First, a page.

When testing host traits, we used the stem length of the host plant in the beginning of the experiment as a covariate, excluding it when it was not significant. To fulfil the assumptions of parametric ANOVA, data on the above-ground vegetative, root and reproductive biomass of the host were log-transformed. Figures represent untransformed data. All statistical analyses were performed with SPSS for Windows (SPSS Inc., 1997).
Resistance: infectivity and performance of the parasite
The percentage of successful infections (i.e. infectivity) did not significantly differ between parasites grown with hosts from previously unparasitized and parasitized populations (78.1 and 76.1%, respectively, χ21=0.084, P=0.772). Parasites that grew with hosts from previously unparasitized populations had significantly higher total biomass and produced significantly more flowers than those grown with hosts from previously parasitized populations (Table 1, Fig. 1). The total biomass of the parasite explained a significant amount of variation in the flower number (linear regression: F=241.66, n=26, P > 0.0001, r2=0.91, parasites grown with hosts from previously parasitized populations were used in this analysis). These results indicate that the quantitative resistance of the host plant against parasitic infection was higher for hosts from parasitized populations compared with those from unparasitized populations; the lower the parasite performance, the higher the resistance of the host plant.
Table 1. ANOVAS for testing the effects of host type (previously unparasitized or parasitized population, fixed), and host population (random, nested within host type) on the total biomass and number of flowers of the parasitic plant Cuscuta europaea.
Host tolerance: effects of infection in relation to host type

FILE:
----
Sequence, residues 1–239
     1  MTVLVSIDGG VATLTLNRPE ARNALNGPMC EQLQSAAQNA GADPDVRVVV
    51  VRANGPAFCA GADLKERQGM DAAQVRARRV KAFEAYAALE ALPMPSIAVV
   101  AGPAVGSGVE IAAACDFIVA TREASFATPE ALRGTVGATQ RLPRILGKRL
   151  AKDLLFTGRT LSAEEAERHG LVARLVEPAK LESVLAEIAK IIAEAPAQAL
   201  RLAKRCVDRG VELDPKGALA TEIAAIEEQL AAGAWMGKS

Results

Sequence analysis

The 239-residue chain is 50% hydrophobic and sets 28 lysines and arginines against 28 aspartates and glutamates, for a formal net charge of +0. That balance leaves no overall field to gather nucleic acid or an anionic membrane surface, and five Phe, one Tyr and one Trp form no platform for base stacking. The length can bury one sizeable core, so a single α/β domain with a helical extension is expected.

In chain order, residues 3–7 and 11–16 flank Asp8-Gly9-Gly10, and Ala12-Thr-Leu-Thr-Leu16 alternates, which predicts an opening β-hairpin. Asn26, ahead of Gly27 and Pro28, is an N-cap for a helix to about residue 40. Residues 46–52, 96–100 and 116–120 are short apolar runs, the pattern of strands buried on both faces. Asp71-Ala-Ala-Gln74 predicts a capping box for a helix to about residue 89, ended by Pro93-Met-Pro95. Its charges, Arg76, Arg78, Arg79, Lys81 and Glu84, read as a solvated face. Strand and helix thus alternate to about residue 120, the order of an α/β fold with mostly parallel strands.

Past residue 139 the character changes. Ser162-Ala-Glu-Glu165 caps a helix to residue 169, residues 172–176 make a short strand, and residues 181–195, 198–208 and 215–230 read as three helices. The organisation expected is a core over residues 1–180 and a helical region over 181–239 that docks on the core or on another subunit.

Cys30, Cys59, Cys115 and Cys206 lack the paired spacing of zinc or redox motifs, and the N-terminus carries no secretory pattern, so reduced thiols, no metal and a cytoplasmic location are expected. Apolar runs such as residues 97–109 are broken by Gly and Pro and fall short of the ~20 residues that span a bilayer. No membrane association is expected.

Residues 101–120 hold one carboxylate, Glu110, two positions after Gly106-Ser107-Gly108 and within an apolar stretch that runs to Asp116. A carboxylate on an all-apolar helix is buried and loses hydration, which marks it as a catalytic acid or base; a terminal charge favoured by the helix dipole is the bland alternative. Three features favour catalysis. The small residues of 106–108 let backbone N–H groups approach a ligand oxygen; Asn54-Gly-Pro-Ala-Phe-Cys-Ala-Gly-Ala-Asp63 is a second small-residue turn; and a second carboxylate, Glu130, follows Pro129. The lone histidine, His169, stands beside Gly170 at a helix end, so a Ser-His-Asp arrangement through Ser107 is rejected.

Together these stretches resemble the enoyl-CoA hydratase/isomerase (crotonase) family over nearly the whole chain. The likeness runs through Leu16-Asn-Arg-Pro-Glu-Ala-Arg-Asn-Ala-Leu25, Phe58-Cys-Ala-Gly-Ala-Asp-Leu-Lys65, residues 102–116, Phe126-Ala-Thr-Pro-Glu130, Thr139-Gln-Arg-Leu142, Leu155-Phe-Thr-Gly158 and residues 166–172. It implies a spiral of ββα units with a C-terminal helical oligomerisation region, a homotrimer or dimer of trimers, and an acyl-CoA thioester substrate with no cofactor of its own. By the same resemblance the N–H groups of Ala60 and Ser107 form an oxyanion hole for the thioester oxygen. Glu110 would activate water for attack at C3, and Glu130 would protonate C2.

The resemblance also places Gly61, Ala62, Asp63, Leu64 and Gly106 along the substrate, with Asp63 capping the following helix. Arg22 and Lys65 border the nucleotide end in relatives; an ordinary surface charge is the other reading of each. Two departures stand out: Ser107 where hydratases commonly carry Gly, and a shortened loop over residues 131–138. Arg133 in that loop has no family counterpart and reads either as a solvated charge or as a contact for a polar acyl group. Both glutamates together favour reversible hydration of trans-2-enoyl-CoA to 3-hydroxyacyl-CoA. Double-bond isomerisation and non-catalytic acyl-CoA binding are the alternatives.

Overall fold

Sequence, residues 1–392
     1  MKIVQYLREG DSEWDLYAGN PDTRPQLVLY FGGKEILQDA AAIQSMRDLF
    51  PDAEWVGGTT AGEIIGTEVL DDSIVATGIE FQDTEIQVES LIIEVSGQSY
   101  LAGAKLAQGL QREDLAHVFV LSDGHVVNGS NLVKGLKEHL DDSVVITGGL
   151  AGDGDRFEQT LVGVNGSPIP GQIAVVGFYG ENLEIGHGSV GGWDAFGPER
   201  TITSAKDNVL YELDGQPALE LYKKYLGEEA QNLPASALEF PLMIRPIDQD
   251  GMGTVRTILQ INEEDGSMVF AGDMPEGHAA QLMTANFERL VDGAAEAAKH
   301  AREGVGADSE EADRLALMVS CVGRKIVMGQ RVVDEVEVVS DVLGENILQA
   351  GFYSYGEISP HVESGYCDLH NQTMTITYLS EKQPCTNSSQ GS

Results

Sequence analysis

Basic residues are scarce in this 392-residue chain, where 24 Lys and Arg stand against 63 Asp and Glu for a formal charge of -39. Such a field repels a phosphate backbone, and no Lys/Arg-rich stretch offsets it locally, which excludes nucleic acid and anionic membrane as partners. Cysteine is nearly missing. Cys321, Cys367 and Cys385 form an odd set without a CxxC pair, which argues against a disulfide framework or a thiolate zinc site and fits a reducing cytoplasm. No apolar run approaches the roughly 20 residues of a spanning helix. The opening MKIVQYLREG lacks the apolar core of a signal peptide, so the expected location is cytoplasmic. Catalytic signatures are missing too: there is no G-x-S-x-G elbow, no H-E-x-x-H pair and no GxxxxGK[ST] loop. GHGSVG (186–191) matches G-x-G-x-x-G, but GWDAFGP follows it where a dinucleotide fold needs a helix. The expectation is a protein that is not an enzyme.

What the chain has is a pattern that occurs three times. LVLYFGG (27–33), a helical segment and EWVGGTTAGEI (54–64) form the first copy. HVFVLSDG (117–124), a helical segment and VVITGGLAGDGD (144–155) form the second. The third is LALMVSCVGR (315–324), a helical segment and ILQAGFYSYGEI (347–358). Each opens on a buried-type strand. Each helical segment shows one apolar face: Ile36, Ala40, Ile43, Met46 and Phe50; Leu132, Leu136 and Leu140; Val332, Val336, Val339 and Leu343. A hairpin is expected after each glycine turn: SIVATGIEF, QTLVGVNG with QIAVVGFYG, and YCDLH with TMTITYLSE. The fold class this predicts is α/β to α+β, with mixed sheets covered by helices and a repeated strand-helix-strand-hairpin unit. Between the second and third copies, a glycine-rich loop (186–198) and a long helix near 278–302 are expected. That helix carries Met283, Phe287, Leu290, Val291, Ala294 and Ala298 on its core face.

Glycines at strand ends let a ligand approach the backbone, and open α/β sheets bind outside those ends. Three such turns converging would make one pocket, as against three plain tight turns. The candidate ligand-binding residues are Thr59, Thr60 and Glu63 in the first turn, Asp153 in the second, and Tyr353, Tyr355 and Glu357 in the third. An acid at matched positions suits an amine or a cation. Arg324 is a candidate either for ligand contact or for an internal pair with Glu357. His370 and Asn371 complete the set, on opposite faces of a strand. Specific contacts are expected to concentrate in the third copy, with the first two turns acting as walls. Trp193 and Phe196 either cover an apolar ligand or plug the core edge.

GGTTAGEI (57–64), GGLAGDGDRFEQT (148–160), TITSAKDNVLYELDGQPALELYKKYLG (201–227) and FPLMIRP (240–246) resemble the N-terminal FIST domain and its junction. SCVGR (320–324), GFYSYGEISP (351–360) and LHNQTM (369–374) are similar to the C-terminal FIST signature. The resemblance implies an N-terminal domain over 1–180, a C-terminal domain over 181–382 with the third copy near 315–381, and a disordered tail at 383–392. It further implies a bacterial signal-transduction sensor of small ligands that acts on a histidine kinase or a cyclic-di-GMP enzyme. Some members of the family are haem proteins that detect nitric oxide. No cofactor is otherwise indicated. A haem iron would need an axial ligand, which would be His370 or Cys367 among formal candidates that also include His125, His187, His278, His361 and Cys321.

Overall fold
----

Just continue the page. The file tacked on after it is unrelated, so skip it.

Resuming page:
Parasitic infection had a severe negative effect on the reproduction of the host. Only two of 62 infected host plants produced flowers whereas all of the 64 uninfected host individuals reproduced. Parasitic infection had a significant negative effect on the above-ground vegetative biomass and root biomass of the host (Table 2, Fig. 2). The biomass of infected host plants was on average 87.1 ± 1.4% (mean ± SE) lower than that of the uninfected plants. There were no significant differences in the above-ground vegetative or root biomass between host types or among host populations, neither were there any statistically significant interactions between parasitic infection and host type for root biomass (Table 2, Fig. 2). However, the interaction between parasitic infection and host type was significant for above-ground vegetative biomass (Table 2). Because of this significant interaction we also conducted the analysis of variance separately for uninfected and infected hosts. According to this analysis, host population did not have a significant effect on host’s above-ground vegetative biomass in either uninfected or infected hosts, and host type did not have a significant effect on host’s above-ground vegetative biomass in uninfected hosts (Table 2). When infected, however, host type had a significant main effect on the above-ground vegetative biomass of the host (Table 2). Infected host plants from previously parasitized populations had a lower above-ground vegetative biomass than infected hosts from previously unparasitized populations (0.184 ± 0.020 and 0.301 ± 0.038 g, respectively, Table 2, Fig. 2). To further test for tolerance differences between the host types we used a reaction norm approach that takes into account the effect of variation in parasite burden on host fitness (e.g. Simms & Triplett, 1994; Abrahamson & Weis, 1997). We analysed the host’s above-ground vegetative biomass with host type (fixed) and host population (random, nested within host type) as factors, and parasite biomass as a covariate, including the interactions between the covariate and the host type, and between the covariate and the host population in the model. The values of the uninfected plants (i.e. parasite burden equals to zero) were included in the analysis to represent host fitness in the absence of damage (Stowe, 1998). The effects of host type and host population on above-ground vegetative biomass were not significant (Table 3). However, the interaction between the covariate (parasite biomass) and host type was significant indicating that with a similar parasite burden, hosts from previously unparasitized populations had higher above-ground vegetative biomass than hosts from parasitized populations (Table 3, Fig. 3). These results suggest that the tolerance of parasitic infection in terms of above-ground vegetative biomass was lower for host plants from previously parasitized populations compared with hosts from unparasitized populations.